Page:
Sheng He Shou Wu is the unprepared Polygonum root. It is not widely used and has a very different function from the prepared version as it is not a tonic herb at all, but moistens the intestines, relieves fire toxin, and cools the blood.

E Jiao (Donkey-hide glue) is processed by washing, soaking and boiling donkey hide in water until it is very thick, then adding rock sugar, yellow rice wine, and soybean or peanut oil, to create the consistency of a thick glue. E Jiao is a very effective medicinal that moistens yin, replenishes essence, and stops bleeding. The amount of soy oil contained in the herb is quite small, and in a formula of multiple herbs, the amount becomes almost insignificant. But for those needing to practice strict avoidance, care should be taken with formulas containing E Jiao such as Jiao Ai Tang, Zhi Gan Cao Tang, Shou Tai Wan, Jiang Ya Pian, and Fu Ke Zhong Zi Wan.

Lu Jiao Jiao (Deer antler glue) is processed by a long series of steps involving soaking, cleaning, and boiling antler, best prepared in the cold weather of the winter season. Yellow rice wine, along with soy or peanut oil, is added near the end of the process. Lu Jiao Jiao nourishes blood and essence and can stop bleeding. The amount of soy oil in the finished product is quite small, but those concerned with strict avoidance of soy should use care with formulas containing Lu Jiao Jiao such as Wu Qi Bai Feng Wan, Zuo Gui Wan, and You Gui Wan

Tree Nuts
Bai Guo (Ginkgo nut) is toxic as a raw or toasted kernel, but heating greatly reduces the toxicity. When taken as a decoction it is not considered toxic, but allergic reactions have been reported. Bai Guo is astringent and used most commonly in cases of wheezing and cough, and also astringes in problems of excessive vaginal discharge or turbid urine.

He Tao Ren or Hu Tao Ren (Walnut) tonifies the kidneys, warms the Lungs and moistens the intestines to unblock the bowels. It is not a common ingredient in traditional formulas, but may be found in some patent medicines such as Bu Nao Pian and Hai Ma Wan.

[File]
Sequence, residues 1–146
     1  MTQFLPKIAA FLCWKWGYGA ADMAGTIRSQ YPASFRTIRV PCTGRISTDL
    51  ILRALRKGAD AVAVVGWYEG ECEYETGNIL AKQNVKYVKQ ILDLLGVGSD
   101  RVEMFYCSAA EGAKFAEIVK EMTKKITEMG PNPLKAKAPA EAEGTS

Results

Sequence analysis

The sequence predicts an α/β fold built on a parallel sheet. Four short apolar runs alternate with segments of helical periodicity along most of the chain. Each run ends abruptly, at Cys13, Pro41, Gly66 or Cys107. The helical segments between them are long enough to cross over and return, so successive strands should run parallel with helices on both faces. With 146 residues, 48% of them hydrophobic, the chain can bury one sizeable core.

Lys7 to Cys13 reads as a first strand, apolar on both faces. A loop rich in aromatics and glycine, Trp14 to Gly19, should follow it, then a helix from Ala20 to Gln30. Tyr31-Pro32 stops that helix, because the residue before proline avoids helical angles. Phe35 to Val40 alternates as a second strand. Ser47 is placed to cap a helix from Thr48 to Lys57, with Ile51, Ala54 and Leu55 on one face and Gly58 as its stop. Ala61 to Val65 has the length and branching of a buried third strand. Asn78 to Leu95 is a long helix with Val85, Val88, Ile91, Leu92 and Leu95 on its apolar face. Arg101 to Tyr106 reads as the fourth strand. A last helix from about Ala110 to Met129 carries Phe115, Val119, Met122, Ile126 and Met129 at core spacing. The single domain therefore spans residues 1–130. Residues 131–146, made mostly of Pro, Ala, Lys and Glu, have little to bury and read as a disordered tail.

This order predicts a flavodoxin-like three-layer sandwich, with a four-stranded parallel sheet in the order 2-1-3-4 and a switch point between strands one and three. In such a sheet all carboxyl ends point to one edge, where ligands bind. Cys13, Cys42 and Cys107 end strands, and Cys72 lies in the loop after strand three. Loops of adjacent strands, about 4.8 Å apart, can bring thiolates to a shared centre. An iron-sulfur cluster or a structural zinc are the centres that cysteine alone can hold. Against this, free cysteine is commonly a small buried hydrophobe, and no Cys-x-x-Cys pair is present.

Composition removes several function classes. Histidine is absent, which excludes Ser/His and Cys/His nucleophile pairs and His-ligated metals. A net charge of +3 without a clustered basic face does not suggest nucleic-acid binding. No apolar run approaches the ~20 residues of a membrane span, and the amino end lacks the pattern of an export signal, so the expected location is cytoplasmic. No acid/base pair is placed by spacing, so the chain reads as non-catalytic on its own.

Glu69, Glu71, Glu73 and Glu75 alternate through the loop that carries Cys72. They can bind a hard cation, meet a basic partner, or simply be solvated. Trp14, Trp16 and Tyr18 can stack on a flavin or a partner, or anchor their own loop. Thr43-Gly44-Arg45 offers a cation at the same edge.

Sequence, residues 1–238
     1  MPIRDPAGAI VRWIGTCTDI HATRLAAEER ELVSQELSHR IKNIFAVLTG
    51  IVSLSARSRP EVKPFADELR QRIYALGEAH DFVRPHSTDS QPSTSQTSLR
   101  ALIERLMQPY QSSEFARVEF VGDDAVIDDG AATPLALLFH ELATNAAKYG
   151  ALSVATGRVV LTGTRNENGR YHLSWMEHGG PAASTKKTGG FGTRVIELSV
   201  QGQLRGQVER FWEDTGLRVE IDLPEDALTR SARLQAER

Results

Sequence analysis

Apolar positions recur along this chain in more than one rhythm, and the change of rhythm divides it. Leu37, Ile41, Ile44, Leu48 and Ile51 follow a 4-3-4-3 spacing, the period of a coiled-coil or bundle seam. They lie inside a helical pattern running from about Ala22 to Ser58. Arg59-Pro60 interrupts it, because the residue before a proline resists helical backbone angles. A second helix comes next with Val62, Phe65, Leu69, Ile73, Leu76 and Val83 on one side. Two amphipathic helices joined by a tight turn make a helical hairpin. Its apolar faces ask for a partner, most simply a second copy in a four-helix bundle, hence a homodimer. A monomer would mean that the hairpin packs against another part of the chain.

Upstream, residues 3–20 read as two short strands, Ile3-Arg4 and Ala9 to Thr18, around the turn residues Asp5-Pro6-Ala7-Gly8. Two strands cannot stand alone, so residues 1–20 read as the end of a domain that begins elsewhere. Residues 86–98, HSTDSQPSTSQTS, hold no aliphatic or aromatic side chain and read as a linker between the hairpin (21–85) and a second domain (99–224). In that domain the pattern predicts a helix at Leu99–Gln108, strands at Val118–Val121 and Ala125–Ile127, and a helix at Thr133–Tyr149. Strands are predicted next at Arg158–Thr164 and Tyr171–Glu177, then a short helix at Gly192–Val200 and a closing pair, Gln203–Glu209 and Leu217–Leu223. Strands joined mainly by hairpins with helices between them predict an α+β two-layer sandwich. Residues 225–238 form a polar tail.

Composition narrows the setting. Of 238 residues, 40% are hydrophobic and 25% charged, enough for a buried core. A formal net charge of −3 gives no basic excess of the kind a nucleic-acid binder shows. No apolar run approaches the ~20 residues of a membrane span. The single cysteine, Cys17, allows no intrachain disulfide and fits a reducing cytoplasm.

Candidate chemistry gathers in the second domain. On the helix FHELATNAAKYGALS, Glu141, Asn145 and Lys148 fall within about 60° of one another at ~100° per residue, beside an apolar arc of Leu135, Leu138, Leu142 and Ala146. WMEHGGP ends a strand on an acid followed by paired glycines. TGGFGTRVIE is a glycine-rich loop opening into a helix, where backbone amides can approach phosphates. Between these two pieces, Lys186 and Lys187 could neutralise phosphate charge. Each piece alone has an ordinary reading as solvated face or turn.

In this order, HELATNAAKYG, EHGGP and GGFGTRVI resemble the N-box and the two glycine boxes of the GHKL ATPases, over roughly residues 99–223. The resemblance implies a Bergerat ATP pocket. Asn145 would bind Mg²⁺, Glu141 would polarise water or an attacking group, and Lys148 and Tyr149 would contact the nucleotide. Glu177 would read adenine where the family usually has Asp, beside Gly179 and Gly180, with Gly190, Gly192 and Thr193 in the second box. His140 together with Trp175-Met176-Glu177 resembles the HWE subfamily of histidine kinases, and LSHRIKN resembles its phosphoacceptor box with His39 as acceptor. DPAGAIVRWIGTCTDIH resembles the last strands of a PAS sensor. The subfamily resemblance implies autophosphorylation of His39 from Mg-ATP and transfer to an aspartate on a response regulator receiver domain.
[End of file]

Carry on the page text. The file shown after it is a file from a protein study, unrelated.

Song Zi Ren (Pine nut) is not commonly used in Chinese herbal medicine but can be found in some patent medicine versions of Wu Ren Tang, a formula that moistens and unblocks the bowels. The medicinal attributes of Song Zi Ren are to tonify the qi, dispel wind, and moisten the intestines.

Xing Ren (Apricot kernel) is a fruit pit, not a nut, but believed to be from a species of tree that could potentially trigger a reaction in those with nut allergies. It commonly included in respiratory formulas for cough and wheezing and also serves to moistens the intestines and unblock the bowels. When avoiding Xing Ren, it should be noted that Shen Qu (Massa fermentata) often contains this herb.

Tao Ren (Peach kernel) is a fruit pit, not a nut, but believed to be from a species of tree that could potentially trigger a reaction in those with nut allergies. It is a very commonly used herb, strongly dispersing blood stasis in a wide variety of disorders. Like most nuts and seeds, it also moistens the intestines to unblock the bowels.

Overview of Possible Food Allergens in Chinese Herbs

Wheat gluten
Fu Xiao Mai (Floating wheat)
Shen Qu (Massa fermentata)

Barley
Mai Ya (Sprouted barley)
Yi Tang (barley malt sugar)

Soybean
Dan Dou Chi (Prepared soybean)

Processed with soybean or soy oil
E Jiao (Donkey-hide glue)
Lu Jiao Jiao (Deer antler glue)
He Shou Wu (Polygonum multiflorum)

Tree Nuts
Bai Guo (Gingko nut)
He Tao Ren (Walnut)
Song Zi Ren (Pine nut)

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Seeds or kernels believed to be from species of trees that could potentially trigger a reaction in those with nut allergies
Xing Ren (Apricot kernel)
Shen Qu (Massa fermentata) commonly contains Xing Ren (Apricot kernel)
Tao Ren (Peach kernel)

Article References:

Bensky, Dan, Clavey, Steven, Stoger, Erich, Chinese Herbal Medicine Formulas and Strategies 3rd edition, Eastland Press 2004